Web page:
The context can be read and modified by XQuery expressions and updated by transformation and in-place update actions. The core of the context contains the variables $header, $body, and $attachments. These wrapper variables contain the Simple Object Access Protocol (SOAP) header elements, SOAP body element, and Multipurpose Internet Mail Extensions (MIME) attachments, respectively. The context gives the impression that all messages are SOAP messages, and non-SOAP messages are mapped to this paradigm.
Since a proxy service can route messages to multiple business services, a proxy service can be configured with an interface that is independent of the business services it communicates with. Using generic proxy templates, the proxy service can be a configured as a message-flow definition that dynamically routes messages to appropriate business services based on content-based routing logic.A proxy service can also map message data into appropriate protocol formats required by the end-point business service, allowing for dynamic runtime protocol switching.
For more information on proxy templates, see Chapter 5, "Service Composition."
The implementation of a proxy service is specified by a message flow definition. The message flow defines the flow of request and response messages through the proxy service. The following four elements are used to construct a message flow:
A pipeline pair, one for the request and one for the response. The pipelines consist of a sequence of stages that specify actions to perform during request or response processing.
A branch node to branch based on the values in designated parts of the message or message context or to branch based on the operation invoked.
A route node used to define the message destination. The default route node is an echo node that reflects the request as the response.
A start node.
Figure 2-4 Sample Message Flow
Message flow elements can be combined in arbitrary ways to form a tree structure with the start node always (and only) occurring as the root of the tree and the route nodes. The last nodes in a branch (leaf nodes) may be route nodes or echo nodes.
The request message starts at the start node and follows a path to a leaf node, executing actions in the request pipelines. If the leaf is a route node, a response is generated (could be empty if the service is a one way service). If the leaf is an echo node, the request is also considered to be the response. The response follows the inverse path in the tree skipping actions in the branch nodes, but executing actions in response pipelines.
A response is then finally sent from the top of the tree, if the interface or operation was request/response; otherwise the response is discarded. For more information on message flow definitions, see "Modeling Message Flow in Oracle Service Bus" in the Oracle Fusion Middleware Administrator's Guide for Oracle Service Bus.
A set of transformations that affects context variables can be defined before the message is sent to the selected endpoint or after the response is received. A Web services callout can be an alternative to an XQuery or XSLT transformation to set the context variable. For information on how to configure Oracle Service Bus transformation maps, see the Oracle Fusion Middleware Developer's Guide for Oracle Service Bus.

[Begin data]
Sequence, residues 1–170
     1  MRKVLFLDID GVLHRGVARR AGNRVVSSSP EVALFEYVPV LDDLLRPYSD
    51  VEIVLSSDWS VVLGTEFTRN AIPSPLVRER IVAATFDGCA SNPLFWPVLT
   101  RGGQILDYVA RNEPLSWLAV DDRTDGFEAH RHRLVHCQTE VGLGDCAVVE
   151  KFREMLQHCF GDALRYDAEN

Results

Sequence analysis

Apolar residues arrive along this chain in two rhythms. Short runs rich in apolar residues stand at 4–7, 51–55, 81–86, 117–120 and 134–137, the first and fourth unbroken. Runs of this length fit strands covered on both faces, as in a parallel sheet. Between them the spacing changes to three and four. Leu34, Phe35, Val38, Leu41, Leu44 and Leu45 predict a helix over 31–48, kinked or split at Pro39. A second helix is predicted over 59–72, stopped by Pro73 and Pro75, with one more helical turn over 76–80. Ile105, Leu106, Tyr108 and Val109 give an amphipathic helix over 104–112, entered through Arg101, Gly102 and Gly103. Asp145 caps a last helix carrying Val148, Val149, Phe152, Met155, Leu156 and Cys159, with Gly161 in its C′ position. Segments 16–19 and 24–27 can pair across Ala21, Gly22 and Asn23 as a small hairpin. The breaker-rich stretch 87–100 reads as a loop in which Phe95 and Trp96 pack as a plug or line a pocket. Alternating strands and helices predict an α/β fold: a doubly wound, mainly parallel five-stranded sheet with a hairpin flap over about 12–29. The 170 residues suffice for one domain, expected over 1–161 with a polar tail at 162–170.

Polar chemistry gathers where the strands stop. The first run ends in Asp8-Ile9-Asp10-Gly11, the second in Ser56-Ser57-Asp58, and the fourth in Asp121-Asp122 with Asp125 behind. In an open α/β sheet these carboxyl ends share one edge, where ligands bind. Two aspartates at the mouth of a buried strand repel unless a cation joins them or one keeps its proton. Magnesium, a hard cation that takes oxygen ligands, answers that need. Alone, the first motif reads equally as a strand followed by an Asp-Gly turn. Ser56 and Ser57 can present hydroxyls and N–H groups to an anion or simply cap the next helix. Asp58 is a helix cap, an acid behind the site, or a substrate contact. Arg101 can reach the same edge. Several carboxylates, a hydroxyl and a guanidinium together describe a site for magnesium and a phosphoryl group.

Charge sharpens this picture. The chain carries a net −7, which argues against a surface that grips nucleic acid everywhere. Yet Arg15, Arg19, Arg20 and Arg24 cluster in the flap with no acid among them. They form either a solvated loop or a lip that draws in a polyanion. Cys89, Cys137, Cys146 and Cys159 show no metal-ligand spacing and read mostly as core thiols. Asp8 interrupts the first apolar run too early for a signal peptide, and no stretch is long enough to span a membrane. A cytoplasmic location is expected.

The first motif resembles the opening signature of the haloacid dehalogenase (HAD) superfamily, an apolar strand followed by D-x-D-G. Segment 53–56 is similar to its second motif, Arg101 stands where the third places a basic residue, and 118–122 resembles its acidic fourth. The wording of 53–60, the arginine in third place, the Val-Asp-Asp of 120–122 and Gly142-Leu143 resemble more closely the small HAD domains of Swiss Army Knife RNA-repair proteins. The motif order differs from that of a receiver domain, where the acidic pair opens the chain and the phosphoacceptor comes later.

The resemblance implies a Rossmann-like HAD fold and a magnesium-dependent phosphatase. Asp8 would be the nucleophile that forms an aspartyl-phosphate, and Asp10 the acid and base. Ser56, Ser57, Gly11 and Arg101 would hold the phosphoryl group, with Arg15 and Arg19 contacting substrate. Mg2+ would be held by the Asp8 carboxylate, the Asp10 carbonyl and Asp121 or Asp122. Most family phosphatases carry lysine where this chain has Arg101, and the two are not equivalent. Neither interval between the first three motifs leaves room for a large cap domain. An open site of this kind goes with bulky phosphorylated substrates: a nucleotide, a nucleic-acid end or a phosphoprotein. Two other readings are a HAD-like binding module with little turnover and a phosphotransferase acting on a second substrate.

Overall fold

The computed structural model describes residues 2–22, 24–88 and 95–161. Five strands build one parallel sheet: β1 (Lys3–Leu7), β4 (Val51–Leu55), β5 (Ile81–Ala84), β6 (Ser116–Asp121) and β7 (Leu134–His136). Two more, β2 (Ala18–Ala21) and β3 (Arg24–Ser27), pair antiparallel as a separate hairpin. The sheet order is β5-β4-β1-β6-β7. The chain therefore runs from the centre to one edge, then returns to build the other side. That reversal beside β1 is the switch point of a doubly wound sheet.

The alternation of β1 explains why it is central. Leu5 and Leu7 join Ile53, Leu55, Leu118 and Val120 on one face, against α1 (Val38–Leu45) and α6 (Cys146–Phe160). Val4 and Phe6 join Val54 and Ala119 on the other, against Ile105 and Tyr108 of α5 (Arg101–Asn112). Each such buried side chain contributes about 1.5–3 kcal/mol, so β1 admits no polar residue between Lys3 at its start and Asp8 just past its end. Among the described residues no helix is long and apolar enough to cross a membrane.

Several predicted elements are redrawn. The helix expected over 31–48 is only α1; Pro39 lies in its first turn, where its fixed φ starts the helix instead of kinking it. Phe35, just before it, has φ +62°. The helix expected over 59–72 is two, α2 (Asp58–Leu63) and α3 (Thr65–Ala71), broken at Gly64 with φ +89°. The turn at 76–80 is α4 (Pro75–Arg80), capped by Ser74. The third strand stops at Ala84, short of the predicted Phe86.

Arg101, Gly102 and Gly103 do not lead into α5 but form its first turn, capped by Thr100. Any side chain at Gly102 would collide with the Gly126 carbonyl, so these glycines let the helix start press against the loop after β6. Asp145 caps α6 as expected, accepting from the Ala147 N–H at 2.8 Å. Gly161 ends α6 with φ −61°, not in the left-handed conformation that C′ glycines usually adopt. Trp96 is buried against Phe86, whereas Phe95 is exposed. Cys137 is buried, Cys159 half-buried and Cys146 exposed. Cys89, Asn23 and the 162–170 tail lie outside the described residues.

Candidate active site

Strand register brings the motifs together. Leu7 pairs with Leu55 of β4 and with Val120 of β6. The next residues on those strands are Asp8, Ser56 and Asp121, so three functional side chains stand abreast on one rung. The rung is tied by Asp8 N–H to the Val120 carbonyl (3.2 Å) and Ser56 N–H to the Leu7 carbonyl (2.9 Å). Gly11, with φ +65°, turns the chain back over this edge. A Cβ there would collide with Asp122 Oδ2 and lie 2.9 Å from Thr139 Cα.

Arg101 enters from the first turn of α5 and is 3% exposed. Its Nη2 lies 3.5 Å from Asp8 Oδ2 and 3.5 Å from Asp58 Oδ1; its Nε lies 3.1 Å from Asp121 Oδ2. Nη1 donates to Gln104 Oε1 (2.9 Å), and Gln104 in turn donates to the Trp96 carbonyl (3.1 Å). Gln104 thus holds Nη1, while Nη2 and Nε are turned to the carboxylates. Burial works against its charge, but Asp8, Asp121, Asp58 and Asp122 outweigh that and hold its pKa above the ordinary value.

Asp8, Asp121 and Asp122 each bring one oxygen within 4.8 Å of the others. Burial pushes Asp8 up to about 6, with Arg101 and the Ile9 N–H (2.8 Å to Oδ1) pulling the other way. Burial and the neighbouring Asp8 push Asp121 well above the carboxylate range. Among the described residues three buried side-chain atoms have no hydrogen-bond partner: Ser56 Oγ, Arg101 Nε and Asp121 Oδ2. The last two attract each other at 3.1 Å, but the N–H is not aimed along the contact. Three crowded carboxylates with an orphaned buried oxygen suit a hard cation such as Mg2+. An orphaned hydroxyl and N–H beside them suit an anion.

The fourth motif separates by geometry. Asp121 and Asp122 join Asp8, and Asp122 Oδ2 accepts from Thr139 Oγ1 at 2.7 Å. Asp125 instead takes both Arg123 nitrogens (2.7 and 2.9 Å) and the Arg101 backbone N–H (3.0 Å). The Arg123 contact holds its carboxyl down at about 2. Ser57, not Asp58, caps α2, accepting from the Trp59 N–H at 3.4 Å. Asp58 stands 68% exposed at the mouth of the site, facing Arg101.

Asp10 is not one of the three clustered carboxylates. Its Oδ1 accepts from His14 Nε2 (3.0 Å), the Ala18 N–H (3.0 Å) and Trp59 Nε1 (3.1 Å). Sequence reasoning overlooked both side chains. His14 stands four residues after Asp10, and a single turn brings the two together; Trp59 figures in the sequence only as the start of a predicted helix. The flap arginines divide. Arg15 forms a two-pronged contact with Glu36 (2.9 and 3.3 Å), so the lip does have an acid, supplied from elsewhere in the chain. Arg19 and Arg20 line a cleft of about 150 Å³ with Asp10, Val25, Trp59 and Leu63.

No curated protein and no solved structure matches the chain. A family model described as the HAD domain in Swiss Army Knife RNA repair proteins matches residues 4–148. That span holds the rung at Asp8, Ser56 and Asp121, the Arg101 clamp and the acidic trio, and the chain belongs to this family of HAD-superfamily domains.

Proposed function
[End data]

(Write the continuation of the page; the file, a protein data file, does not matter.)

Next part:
WS-Security processing as well as authorization is transparently performed at the Start node, when invoking a business service with a WS-policy. For information on how to configure Oracle Service Bus security, see "Security" in the Oracle Fusion Middleware Developer's Guide for Oracle Service Bus.
This section describes Oracle Service Bus deployment capabilities.
Oracle Service Bus is designed to centrally manage and control many distributed service endpoints. Oracle Service Bus can be deployed in the following configurations:
On a single server that also serves as the Admin Server.
On a cluster of servers.
Figure 2-5 Oracle Service Bus Deployments
Using Oracle Service Bus you can configure autonomous ESB instances across the enterprise. These instances have their own sets of configuration artifacts such as services and transformations. Such deployments typically map to various IT departments within an organization. Communication between different departments is achieved through a federated network of ESBs, which talk to each other, often through firewalls. For more information on Oracle Service Bus deployment, see the Oracle Fusion Middleware Deployment Guide for Oracle Service Bus.
Oracle Service Bus enables management and coordination of many distributed service endpoints, thereby providing centralization in the enterprise. It is possible to horizontally scale heterogeneous Oracle Service Bus hubs by clustering the underlying Oracle WebLogic Server, to create a distributed Oracle Service Bus network.
A cluster consists of a set of clustered Managed Servers that perform message processing. A domain can have only one cluster with Oracle Service Bus deployed to it. This cluster can host other applications in addition to Oracle Service Bus. There is one Admin Server in every clustered domain. For more information on clustering, see "Understanding Oracle Service Bus Clusters" and "Oracle Service Bus Deployment Topology" in the Oracle Fusion Middleware Deployment Guide for Oracle Service Bus.
In this case, a central deployment of Oracle Service Bus is used for governance and coordination, and every ESB in the network communicates through the central ESB. It propagates configuration and metadata automatically to the Managed Servers for fast local retrieval, and it automatically collects monitoring metrics from all the Managed Servers for aggregation and displays them on the Oracle Service Bus Administration Console.
The following figure shows the flow of message data in a basic Oracle Service Bus cluster topology.